Owing to these provisions adopting the age of 18 years, most especially, the Constitution, some have reasoned that if the Constitution regards the age of 18 years as good enough for voting, then that age should be good enough for other purposes where the age of legal adulthood is required. In other words, that the age of majority has been reduced from 21 years to 18 years in Nigeria, so that on attaining the age of 18 years, a person may be legally considered as an adult.
However, the Court of Appeal rejected this reasoning. In the case of Elias V. Elias,the issue was whether the Applicant should be permitted to continue the action as an adult Plaintiff, now that she has attained the age of 18 years. Ayoola, JCA (as he then was) said as follows: “In the absence of statutory prescription of the age of infancy, resort should normally be had to the Common Law. However, in the lower Court, the argument that prevailed on the learned Judge is that the Constitution has in several sections relating to right to vote and be voted for and to question elections has been given to persons who are 18 years old or above, therefore the capacity to take action in other matters is also 18 years…There is no controversy as to the common Law rule that the age of 21 years is the full age. Nor was it suggested that any Statute has expressly prescribed any other age. Learned Counsel for the Appellants has argued that where the legislature enacts a Statute (including Constitutional enactments) prescribing some age other than 21 years as the qualifying age for exercising a particular legal right, such enactment leaves the Common Law rule untouched for other purposes. I respectfully agree with this submission which correctly stated the law in my view.”
The Court of Appeal added that the conclusion reached by the trial Judge that since the Constitution has put the voting age at 18 years with capacity to challenge any act under the electoral laws, that therefore, capacity to take action in other matters is also limited to 18 years is neither logical nor in accordance with any known principle of statutory interpretation.
LEGISLATING THE AGE OF MAJORITY
We had stated earlier that under the Common Law of England, the age of majority is 21 years. However, by the Family Reform Act 1969, the age of majority was reduced to 18 years in England. This type of direct statutory action appears to be what Ayoola, JCA, envisaged in Elias V. Elias when his Lordship talked about “statutory prescription of the age of infancy.”
Enter the Child’s Rights Act
It appears that this requirement for statutory intervention has been satisfied in Nigeria in relation to the age of majority. The Child’s Rights Act is an “Act to provide and protect the rights of a Nigerian child and other related matters.” Under the Act, “child means a person under the age of eighteen years.”In order to take it beyond peradventure that the Act meant to alter the age of majority in Nigeria, it provides further that “age of majority means the age at which a person attains the age of eighteen years.”Thus, the meanings of the terms, “age of majority” and “child” have now come to be defined with reference to a common denominator, namely whether or not a person has attained the age of eighteen years. By defining what is majority, “minority” or “minor” has by implication, been defined and the term “child” is certainly wide enough to include “infant.”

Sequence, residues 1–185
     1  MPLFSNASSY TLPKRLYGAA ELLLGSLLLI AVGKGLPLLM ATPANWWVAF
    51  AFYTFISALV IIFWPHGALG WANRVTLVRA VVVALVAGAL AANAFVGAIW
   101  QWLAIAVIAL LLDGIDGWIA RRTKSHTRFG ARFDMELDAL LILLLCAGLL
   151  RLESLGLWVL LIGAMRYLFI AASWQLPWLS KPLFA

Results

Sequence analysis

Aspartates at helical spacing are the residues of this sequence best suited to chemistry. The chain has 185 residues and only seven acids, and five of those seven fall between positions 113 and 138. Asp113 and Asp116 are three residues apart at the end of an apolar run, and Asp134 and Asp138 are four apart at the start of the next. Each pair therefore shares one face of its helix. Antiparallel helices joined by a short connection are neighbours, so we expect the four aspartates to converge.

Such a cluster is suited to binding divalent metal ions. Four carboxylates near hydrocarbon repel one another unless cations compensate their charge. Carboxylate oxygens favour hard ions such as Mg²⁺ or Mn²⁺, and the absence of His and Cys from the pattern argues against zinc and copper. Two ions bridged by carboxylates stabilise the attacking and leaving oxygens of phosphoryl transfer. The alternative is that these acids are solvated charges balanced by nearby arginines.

Bad Provision in respect of Contract
The Act expressly makes provision on the question of restriction on the capacity to make contracts. The restriction to contracts for necessaries now applies to child, as defined. Therefore, a person who is 18 years or above, since he is no longer a child, now has capacity to enter into all manners of lawful contracts just as any other adult person. Thus, a person who is 18 but under 21 years would now be bound by his contracts, even if the contract is not a contract for necessaries, unlike the position in the case of Labinjoh V. Abake.
The Child’s Rights Act provides that “No child shall enter into a contract, except as provided in this section.” The Act provides further, “Any contract, except a contract for necessaries, entered into by a child for repayment of money lent or for payment of goods supplied to the child, shall be void.” Action cannot be brought on such contract after the child has attained majority and the child cannot ratify the contract after he had attained majority.
The above are all the provisions of the Section and no provision has been made for any other contract, even if beneficial to the child. In providing that a child can only enter into contract in accordance with this Section, it would seem that the Act has outlawed all other types of contracts, except for contracts for necessaries.
This provision throws up a number of serious questions. The first is whether contracts of employment of minors have been outlawed? Traditionally, a contract of employment of a minor is not void, if the terms are beneficial to the minor. Likewise contracts for lease or purchase of land, which a minor could ratify within a reasonable time of attaining majority. If these contracts are now void ab initio, then ratification would no longer be possible. Some minors also acquire vocational skills while in school. For example, a 14 year old secondary school pupil has aptitude for drawing and during long vacations, he was put under training so that by age 16, he had become quite proficient in making attractive, life-like drawings. Can he be engaged to draw portraits for celebrities and business ventures like banks and other such entities for pay? Would such a contract not be void? What if a minor, not having the advantage of parental or any other financial support, engages in trading in order to sustain himself and obtain income to finance his education? If such a minor is employed, can he take advantage of any employer’s soft loan scheme or be a member of a Workers’ Cooperative where such low interest loans are arranged? These all involve contracts.